Floodlights? Two words. Ug. Ly.
Floodlights are for theater plays, lighthouses, and prison yards, but they sure don’t flatter your home.
What you really want is landscape lighting, because landscape lighting:
- is low voltage so it’s safe to use.
- is easy to install.
- accents the plants and features you want highlighted.
- improves safety.
- flatters your landscape so it looks even more beautiful.
- offers you all kinds of choices.
- can include floodlights (if needed and you don’t mind the ug-ly).
Before we get to what you need to do to install your landscape lighting, let’s talk tips! Yes, tips with an exclamation point. They can be very helpful and exciting.
- Avoid over-lighting. Outdoor lights look best as subtle accents.
- Install lights where they won’t be easily damaged by plows, shovels, or lawn mowers.
- Call 811 before you dig to figure out where the underground wires and pipes are.
First step? Determine what kind of lights you need.
There are all kinds of different options for different needs and purposes. There are waterproof lights for ponds. Trailing lights for walkways. Lights you can safely place in plants. Lights you put in a tree that looks like moonlight (they’re actually pretty cool). There are also floodlights (see?) for light taller trees, buildings and other large elements.
Decide if you want to light the path or the path and the features around it (plants, rocks, ceramic deer you hate, stuff like that). If it’s both, you’ll need taller light poles. Place a 20-watt halogen bulb at 24 inches high every 10 feet to illuminate the path and features around it.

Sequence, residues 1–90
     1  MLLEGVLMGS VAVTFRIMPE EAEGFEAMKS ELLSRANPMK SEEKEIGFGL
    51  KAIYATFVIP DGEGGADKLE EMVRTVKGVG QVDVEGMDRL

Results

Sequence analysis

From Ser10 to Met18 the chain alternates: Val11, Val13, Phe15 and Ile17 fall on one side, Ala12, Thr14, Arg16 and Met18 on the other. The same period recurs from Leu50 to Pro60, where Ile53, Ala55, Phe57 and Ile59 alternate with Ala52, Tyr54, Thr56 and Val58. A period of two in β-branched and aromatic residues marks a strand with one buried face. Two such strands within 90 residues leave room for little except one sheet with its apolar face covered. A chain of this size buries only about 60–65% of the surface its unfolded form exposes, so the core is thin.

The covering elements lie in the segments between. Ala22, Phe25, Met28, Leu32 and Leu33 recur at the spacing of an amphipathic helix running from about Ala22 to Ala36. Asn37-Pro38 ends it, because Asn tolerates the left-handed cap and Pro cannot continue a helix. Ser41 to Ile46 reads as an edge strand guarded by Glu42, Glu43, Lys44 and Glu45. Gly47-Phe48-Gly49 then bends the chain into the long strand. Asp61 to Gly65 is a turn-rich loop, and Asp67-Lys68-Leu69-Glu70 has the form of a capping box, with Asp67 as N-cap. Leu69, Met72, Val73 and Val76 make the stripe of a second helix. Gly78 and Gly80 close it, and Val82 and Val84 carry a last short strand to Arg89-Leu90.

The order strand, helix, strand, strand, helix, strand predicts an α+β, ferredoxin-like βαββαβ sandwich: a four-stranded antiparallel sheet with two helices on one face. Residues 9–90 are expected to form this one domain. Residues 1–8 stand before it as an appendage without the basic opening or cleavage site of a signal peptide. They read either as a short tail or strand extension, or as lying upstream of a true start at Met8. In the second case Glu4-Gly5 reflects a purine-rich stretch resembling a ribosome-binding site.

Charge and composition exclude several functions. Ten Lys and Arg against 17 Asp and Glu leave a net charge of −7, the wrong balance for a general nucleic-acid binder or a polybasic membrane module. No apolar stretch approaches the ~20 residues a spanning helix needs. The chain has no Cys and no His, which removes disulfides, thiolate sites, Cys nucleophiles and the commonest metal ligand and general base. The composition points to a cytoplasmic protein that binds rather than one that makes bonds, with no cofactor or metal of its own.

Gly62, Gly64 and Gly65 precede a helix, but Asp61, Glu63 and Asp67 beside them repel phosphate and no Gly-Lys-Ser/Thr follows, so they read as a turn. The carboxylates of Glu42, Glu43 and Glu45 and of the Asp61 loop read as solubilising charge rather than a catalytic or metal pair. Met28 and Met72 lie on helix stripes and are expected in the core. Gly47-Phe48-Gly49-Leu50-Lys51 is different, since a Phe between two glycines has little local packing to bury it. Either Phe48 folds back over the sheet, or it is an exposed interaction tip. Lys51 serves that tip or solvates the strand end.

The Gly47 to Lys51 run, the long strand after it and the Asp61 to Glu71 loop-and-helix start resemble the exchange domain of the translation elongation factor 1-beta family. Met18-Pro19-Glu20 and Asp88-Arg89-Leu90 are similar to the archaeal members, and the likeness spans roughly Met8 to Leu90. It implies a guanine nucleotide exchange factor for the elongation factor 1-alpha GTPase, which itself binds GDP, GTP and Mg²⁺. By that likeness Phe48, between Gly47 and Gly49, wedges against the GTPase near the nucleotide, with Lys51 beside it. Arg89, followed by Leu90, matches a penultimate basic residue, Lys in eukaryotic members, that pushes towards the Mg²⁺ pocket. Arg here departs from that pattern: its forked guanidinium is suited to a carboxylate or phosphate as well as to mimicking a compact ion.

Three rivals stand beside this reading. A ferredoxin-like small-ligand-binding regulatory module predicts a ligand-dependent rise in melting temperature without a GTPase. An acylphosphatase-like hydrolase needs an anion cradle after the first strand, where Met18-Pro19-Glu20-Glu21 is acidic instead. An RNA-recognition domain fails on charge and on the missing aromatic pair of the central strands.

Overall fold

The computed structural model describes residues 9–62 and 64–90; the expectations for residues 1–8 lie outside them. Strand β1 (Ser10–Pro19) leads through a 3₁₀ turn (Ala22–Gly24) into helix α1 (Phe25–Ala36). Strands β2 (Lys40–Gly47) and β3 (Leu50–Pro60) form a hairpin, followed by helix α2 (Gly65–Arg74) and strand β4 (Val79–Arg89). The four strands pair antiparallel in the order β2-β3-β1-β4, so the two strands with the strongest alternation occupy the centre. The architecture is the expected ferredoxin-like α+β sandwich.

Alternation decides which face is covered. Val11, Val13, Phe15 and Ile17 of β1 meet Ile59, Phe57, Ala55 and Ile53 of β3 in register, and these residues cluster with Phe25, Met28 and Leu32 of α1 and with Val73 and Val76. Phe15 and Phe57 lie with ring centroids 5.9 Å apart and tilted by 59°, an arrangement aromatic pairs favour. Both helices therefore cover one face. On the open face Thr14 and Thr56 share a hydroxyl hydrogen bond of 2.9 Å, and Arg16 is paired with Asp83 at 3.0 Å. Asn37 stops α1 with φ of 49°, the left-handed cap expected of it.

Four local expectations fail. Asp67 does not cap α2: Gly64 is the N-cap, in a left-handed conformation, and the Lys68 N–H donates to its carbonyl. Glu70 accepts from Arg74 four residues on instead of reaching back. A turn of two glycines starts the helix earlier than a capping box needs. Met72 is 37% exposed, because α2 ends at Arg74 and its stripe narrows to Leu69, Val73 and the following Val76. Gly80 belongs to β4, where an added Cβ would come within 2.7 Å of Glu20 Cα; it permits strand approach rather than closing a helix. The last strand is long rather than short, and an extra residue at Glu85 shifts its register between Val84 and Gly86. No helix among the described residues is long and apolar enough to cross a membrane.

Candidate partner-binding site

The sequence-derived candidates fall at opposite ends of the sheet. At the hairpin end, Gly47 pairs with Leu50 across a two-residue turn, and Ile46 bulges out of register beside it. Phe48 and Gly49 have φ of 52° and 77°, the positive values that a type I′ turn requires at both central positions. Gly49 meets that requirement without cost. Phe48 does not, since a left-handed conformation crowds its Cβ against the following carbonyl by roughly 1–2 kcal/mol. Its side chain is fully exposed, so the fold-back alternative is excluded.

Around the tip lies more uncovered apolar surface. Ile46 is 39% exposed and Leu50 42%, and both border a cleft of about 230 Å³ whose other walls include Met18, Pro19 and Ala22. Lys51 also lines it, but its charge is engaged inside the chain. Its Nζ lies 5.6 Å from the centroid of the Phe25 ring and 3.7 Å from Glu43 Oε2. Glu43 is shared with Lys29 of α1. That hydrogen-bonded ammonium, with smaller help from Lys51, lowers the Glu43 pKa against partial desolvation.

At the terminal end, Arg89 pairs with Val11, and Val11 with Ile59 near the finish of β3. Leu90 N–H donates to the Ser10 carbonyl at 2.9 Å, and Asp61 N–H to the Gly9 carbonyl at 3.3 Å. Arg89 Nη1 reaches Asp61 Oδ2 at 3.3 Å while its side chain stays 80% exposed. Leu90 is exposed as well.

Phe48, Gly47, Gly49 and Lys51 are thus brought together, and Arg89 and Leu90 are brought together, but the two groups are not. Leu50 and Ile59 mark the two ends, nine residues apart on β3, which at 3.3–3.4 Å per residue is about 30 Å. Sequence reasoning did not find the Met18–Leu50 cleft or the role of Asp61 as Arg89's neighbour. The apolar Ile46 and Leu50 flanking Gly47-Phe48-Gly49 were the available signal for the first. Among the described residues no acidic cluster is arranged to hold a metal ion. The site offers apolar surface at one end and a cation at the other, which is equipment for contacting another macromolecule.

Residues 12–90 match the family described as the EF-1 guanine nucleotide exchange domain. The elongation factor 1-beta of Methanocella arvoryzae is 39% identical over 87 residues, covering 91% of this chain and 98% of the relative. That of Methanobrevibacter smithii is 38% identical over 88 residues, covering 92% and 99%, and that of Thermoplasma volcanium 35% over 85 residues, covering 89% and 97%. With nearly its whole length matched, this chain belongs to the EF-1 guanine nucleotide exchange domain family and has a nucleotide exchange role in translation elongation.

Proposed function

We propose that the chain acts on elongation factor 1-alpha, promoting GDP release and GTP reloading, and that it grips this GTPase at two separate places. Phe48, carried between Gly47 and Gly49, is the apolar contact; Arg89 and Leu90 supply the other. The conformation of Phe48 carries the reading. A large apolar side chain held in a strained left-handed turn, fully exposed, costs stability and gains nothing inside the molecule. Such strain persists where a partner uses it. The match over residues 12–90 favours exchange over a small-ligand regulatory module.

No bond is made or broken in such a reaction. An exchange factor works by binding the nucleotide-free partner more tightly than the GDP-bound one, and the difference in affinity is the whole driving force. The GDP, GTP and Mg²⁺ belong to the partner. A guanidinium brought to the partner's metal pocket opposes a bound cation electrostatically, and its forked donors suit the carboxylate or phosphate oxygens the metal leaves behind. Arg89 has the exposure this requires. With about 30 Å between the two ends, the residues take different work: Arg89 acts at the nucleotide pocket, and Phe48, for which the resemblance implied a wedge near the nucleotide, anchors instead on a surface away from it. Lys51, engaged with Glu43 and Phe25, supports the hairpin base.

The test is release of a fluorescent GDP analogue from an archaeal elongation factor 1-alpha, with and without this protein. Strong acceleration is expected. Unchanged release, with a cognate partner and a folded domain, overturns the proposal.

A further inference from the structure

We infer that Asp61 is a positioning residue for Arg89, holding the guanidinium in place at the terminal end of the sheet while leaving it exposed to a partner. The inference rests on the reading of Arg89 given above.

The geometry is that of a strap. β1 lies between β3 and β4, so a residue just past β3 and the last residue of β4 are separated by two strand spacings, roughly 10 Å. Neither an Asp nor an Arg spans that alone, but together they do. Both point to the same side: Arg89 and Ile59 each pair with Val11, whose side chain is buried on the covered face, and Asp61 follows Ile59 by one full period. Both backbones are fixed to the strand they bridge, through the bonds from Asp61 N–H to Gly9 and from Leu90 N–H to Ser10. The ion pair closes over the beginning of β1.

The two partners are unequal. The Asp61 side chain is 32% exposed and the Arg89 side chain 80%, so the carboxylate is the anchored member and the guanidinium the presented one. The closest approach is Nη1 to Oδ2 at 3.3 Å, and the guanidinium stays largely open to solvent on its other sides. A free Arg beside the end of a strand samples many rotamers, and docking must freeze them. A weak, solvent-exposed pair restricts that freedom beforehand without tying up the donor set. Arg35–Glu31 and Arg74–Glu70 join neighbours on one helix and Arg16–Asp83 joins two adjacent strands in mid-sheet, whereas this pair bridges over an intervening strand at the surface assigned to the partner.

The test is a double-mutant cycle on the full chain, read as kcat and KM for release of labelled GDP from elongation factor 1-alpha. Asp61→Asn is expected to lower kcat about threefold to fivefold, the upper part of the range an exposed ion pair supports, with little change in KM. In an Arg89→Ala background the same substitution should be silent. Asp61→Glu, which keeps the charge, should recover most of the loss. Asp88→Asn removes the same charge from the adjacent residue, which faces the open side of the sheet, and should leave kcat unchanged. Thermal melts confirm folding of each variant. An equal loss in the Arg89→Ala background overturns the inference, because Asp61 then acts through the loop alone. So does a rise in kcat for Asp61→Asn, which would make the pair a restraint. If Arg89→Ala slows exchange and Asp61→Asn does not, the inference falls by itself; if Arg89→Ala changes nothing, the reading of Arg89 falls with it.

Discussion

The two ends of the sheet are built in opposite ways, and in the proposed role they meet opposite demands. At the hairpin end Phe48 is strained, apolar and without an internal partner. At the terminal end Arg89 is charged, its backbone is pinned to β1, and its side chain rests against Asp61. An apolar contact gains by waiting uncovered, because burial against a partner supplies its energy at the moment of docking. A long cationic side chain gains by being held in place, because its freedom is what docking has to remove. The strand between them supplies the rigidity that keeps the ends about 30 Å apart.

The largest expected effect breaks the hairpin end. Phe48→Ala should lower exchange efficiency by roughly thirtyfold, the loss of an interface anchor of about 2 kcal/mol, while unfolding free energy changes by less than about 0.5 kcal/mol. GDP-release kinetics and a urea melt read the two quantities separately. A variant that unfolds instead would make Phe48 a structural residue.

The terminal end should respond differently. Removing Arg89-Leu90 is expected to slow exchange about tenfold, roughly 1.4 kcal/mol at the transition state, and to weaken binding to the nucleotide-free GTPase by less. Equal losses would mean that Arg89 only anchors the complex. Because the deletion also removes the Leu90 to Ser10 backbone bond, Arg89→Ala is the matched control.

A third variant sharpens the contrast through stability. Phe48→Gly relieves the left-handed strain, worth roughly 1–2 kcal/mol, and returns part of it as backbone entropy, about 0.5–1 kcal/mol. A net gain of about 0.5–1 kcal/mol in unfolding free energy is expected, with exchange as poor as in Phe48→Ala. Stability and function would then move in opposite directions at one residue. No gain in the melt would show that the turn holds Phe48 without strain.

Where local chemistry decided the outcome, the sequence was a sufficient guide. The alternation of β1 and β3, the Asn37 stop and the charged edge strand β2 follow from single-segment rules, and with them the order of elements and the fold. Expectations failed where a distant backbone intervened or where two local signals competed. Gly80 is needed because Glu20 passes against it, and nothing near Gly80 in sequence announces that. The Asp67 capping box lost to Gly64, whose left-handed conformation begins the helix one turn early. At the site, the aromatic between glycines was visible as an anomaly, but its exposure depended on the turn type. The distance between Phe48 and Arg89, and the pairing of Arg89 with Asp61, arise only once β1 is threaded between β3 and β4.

Buy the lights and stuff you need.
Here, you have a lot of choices.
When it comes to the light bulbs, halogen bulbs last longer. They also give you a whiter, more focused beam, almost like natural sunlight.
Solar lights need direct sun, so aren’t the most reliable, but they don’t require wiring. You can position them where you want them (and where they get the most light). They’re also cheaper.
You can spend about as much money as you want, too. You could get those incredibly inexpensive lights you see advertised in Sunday magazines… or you could buy systems where each light is over $100. Whichever you choose, you get what you pay for. Buy a larger transformer than you need, so you can add lights later if you want. If you’re installing 400 watts of lights, buy a 600-watt transformer.
Install the lights.
“Whoa, whoa, whoa!” you say, “Can I actually install landscape lighting?” Maybe. You just need to know a little math, follow a few design tips, and have the right lights and tools for the job. One caveat. If you need to install an outdoor GFCI outlet, you probably want to hire a pro to do that.
Ultimately, however, If you have the time, talents and tools, you can install your own landscape lighting. We’ll take you through those steps in the next blog.
The general knowledge and advice in this blog is designed to give you a little background information about your electrical system and may not be complete or contain minor errors. Early Bird Electric is not responsible for any consequences if you attempt to fix your electrical problem using this information. It’s always a good idea to hire a local, licensed electrician like Early Bird Electric to safely and professionally handle the job.